Imagine that you are walking down the sidewalk downtown in a major city, and there is a giant hole in the sidewalk that causes you to slip and fall.
During that fall, you break your hip and your hand, requiring medical attention and being forever altered by your injuries. You would assume that the case is straightforward and that the city is responsible for your injuries. But that isn’t always the case, and it definitely isn’t always easy to prove in a court of law.
Statistics say that thousands of people are hurt from slip and fall injuries every year. Most of them result from slippery stairs, floors, or surfaces which are in some way faulty and become dangerous to pedestrians. Something as minor as a change in the slope of a walkway has the potential to be hazardous to a pedestrian. The problem with being able to recover for your slip and fall injury is that you have to prove that the owner of the property is responsible for your injuries due to their negligence, which can be easier said than done.
To hold someone liable for your injury, you must prove that the property owner could have done something to prevent you from hurting yourself. In the example above, if the sidewalk was clearly marked with yellow tape and you just weren’t paying attention, then the property owner would likely not be held liable.
Since they took steps to warn pedestrians of the danger of the sidewalk, the caution tape might negate their liability. That is why if you are the victim of a slip and fall injury, it is imperative that you consult an attorney immediately to sort through the details of who is at fault and determine whether the property owner is liable. Property owners have an obligation to make every effort to keep their premises safe, but there are instances where your injury might be legally your fault, not theirs.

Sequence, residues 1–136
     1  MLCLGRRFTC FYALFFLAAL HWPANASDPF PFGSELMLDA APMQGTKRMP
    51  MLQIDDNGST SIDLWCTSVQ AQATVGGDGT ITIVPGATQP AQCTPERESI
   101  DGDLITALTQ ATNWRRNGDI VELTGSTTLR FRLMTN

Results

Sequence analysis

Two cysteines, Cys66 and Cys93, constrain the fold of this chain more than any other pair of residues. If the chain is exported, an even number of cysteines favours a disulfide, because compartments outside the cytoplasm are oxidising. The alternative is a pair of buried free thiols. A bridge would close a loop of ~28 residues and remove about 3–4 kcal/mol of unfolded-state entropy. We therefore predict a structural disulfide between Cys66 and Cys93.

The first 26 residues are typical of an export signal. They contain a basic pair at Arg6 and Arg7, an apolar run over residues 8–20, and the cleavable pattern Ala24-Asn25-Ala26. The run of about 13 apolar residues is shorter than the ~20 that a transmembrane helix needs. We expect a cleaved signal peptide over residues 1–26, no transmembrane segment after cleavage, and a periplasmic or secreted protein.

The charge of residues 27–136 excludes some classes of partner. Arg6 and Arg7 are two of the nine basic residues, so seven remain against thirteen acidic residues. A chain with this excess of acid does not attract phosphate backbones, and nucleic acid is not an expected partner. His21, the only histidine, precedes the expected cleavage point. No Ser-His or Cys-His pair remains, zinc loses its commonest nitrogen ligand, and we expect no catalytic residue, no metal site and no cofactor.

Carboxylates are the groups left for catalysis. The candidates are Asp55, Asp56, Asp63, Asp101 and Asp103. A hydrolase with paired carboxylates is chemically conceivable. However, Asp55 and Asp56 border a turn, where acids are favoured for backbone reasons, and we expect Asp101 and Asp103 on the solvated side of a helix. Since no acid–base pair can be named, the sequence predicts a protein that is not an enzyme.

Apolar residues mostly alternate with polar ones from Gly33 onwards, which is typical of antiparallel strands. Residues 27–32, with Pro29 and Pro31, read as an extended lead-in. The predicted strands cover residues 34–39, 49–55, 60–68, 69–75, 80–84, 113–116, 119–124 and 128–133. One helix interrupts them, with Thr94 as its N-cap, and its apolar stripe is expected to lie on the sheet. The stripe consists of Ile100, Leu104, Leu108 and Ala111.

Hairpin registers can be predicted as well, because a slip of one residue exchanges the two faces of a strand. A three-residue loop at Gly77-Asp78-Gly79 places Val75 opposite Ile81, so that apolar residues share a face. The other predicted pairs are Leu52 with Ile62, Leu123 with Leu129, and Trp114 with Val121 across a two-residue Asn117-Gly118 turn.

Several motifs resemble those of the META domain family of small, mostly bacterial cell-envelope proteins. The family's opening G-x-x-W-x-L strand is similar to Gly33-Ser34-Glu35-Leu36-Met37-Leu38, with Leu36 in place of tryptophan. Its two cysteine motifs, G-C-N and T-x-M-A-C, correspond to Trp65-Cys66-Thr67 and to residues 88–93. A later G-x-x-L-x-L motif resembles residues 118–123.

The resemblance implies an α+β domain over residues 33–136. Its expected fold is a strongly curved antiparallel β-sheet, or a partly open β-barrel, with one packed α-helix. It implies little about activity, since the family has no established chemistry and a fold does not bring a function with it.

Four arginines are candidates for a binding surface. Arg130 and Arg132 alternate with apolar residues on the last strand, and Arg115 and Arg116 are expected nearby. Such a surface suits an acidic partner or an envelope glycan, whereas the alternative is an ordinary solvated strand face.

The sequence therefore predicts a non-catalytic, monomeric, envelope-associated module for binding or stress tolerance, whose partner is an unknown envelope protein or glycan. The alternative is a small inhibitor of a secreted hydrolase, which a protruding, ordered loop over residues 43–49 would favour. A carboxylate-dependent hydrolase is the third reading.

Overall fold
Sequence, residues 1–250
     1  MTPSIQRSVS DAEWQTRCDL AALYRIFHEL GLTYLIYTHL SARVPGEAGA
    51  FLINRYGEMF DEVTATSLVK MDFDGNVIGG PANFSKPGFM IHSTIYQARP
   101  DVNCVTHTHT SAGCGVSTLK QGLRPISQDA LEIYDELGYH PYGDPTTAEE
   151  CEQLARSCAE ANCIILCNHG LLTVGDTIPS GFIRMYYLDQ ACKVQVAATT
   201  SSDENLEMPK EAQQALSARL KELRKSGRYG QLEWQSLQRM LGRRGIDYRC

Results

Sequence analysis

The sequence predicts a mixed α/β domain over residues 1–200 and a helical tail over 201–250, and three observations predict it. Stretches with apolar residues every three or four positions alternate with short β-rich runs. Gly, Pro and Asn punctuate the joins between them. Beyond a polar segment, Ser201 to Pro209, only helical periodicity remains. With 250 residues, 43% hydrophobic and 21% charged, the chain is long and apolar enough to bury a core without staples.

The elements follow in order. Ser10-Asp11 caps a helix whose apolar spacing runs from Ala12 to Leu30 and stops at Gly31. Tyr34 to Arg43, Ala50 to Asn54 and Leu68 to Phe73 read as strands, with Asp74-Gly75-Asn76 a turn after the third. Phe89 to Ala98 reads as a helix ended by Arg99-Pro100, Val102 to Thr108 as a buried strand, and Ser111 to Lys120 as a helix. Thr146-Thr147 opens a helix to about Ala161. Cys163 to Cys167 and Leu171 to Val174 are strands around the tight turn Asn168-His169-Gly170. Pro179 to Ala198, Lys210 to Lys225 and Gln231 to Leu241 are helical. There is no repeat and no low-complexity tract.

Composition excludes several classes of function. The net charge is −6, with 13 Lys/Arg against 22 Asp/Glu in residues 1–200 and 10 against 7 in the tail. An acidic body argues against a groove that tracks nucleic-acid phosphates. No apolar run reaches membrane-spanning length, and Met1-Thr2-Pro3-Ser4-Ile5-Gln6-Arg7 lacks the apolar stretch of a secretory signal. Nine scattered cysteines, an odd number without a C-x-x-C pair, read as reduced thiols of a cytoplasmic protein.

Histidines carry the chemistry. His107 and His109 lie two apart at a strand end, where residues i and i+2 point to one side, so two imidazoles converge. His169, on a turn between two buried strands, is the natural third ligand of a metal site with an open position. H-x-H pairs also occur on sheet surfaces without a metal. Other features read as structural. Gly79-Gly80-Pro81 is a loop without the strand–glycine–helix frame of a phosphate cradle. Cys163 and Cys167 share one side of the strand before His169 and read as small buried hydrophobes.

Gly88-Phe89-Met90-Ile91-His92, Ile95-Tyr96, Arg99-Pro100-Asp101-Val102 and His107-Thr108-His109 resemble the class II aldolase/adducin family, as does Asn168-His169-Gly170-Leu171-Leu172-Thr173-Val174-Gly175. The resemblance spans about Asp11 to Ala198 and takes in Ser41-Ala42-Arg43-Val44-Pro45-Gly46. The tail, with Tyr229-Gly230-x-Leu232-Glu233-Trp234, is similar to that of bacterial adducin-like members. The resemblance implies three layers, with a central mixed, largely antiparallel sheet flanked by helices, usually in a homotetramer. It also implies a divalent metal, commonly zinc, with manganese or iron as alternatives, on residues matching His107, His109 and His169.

Duty to maintain “reasonably” safe conditions
In personal injury terms, a property owner has an obligation to maintain their premises with “reasonable care.” This is a highly subjective term that means that they have to maintain their premises in a manner that any “reasonable” person would. They also have an obligation to anticipate that something might happen and address or fix any problems to prevent someone from being injured.
That does not mean that a property owner is always responsible when someone falls on their premises. There are no clear and concise conditions that need to be present to prove liability. Reasonable care is a measure of what a “reasonable” property owner would have done to prevent someone from being injured. If the property owner did not take reasonable care, then they might be liable, but proving that in a court of law takes more than just your word against theirs.
To prove that you fell due to the owner’s negligence
To prove that your slip and fall was due to the property owner’s negligence, you must show that you encountered dangerous conditions, meaning you must be able to prove one of the following:
- The property owner or their employee should have known that something caused a danger because any other “reasonable” person would have in their position.
- The property owner or their employee knew that the danger existed but did not take any steps to repair the problem.
- The property owner or employee caused the dangerous condition directly (spilled water, left the carpet rolled up, didn’t fix a broken tile, etc.).
The key to proving your case — and the most difficult part — is the “should have known” part. You must be able to prove that they knew a problem existed, that they should have known it was dangerous, and that they failed to take action. If things aren’t documented ahead of time, it is hard to know what they did or did not know before the accident occurred.
If you are involved in a slip and fall accident, it isn’t enough to just say that you feel it was someone else’s fault. There are steps that you have to take to prove your case. That is why it is always an excellent idea to have personal injury lawyers in your corner to help walk you through your lawsuit and to build the best evidentiary case possible to win.